Gene mutations in mice mimic human-like sleep disorder, researchers find

Neuroscientists Dr. Rolf Joho (left) and Dr. Felipe Espinosa are studying a human disorder called sleep maintenance insomnia, in which sufferers can get to sleep, but don’t remain at rest for long. Their findings in mice may help scientists better understand the disorder and provide an animal model for developing treatments.
Neuroscientists Dr. Rolf Joho (left) and Dr. Felipe Espinosa are studying a human disorder called sleep maintenance insomnia, in which sufferers can get to sleep, but don’t remain at rest for long. Their findings in mice may help scientists better understand the disorder and provide an animal model for developing treatments.

DALLAS — May 20, 2008 — Mutations in two genes that control electrical excitability in a portion of the brain involved in sleep create a human-like insomnia disorder in mice,
UT Southwestern Medical Center researchers have found. The findings may help scientists better understand the disorder and provide an animal model for developing treatments.

“This is one of the most dramatic sleep-disturbance mutations,” said Dr. Rolf Joho, associate professor of neuroscience and senior author of the paper, which appears online today and in the May 21 issue of The Journal of Neuroscience. “The mice sleep half as much as normal mice.”

The mutant mice appeared to have a condition similar to a human disorder called sleep maintenance insomnia, in which sufferers can get to sleep, but don’t remain at rest for long.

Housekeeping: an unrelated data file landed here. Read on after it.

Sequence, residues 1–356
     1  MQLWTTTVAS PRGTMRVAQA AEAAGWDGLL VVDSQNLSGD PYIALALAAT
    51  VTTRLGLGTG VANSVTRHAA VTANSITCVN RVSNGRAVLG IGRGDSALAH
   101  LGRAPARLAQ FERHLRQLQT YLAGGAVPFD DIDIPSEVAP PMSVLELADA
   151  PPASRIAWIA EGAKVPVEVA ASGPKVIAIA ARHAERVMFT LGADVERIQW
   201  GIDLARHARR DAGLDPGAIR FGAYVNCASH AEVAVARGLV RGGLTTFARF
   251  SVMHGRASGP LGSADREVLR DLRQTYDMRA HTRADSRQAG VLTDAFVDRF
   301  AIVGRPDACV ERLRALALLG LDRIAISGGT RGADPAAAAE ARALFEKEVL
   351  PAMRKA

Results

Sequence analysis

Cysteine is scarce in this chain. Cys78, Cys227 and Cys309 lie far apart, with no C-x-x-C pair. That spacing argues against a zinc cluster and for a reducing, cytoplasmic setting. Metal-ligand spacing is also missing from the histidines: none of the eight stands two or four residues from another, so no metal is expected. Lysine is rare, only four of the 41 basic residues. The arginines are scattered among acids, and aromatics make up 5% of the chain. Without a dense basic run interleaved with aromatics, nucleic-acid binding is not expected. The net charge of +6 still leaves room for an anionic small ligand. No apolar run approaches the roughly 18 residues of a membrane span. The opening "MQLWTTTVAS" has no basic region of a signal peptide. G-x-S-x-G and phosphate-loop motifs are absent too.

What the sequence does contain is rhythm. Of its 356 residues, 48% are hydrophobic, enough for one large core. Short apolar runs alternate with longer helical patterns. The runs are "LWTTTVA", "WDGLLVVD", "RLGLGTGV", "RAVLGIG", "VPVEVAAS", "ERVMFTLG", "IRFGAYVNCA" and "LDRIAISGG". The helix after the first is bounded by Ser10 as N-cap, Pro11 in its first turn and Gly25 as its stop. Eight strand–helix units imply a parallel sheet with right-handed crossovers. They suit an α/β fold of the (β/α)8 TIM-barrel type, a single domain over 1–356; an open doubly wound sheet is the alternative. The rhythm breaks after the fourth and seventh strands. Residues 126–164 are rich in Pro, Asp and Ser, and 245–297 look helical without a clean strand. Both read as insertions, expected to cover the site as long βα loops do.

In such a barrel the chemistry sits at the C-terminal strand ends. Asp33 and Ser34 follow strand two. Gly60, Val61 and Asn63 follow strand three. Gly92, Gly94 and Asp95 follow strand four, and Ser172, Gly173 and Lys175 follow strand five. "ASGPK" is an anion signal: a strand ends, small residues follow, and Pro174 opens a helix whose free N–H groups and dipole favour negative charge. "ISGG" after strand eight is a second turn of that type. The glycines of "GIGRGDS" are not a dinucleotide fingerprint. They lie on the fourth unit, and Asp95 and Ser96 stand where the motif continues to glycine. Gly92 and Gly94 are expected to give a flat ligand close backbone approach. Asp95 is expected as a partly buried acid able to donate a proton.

“We’re trying to look at where in the brain this originates,” Dr. Joho said. “The same mechanism could be involved in many neurophysiological disorders.”

The researchers focused on two genes that encode molecules known as ion channels. An ion channel is a pore that spans a cell’s membrane, opening and closing to allow charged atoms, or ions, to cross the membrane. The coordinated opening and closing of various ion channels allows nerve cells to carry electrical signals.

In the current study, the researchers examined two channels that allow potassium ions to cross the cell membrane. The researchers genetically engineered mice to have defects in the ion channels Kv3.1 and Kv3.3, which normally open and close much faster than other potassium channels.

These channels are common in a portion of the brain called the thalamic reticular nucleus, which is thought to act as a “pacemaker” during sleep, controlling slow-wave sleep — the deep, restful sleep that occurs without dreams.

The mutant mice slept only 50 percent to 60 percent as much as normal mice. Measurements of their brain waves showed that they entered slow-wave sleep, but only for short periods before waking again.

The mice did not readily get restful sleep even after sleep deprivation, the researchers found.

In future studies, the researchers hope to focus on the Kv3.1 mutation alone, which they believe, based on previous studies might be the primary factor in the sleep disturbances, while Kv3.3 mutations might affect muscle coordination.

The researchers also plan to investigate ways to restore function of Kv3.1 with potential drugs. So far, there are no medications that affect this ion channel.

Other UT Southwestern researchers involved in the study were lead author Dr. Felipe Espinosa, instructor of neuroscience; Dr. Miguel Torres-Vega, former postdoctoral fellow in neuroscience; and Dr. Gerald Marks, adjunct associate professor of psychiatry.

The work was supported by the National Institutes of Health and the Restless Leg Syndrome Foundation.

Visit http://www.utsouthwestern.org/sleep to learn more about UT Southwestern’s clinical services in sleep and breathing disorders.

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Media Contact: Aline McKenzie
214-648-3404
aline.mckenzie@utsouthwestern.edu

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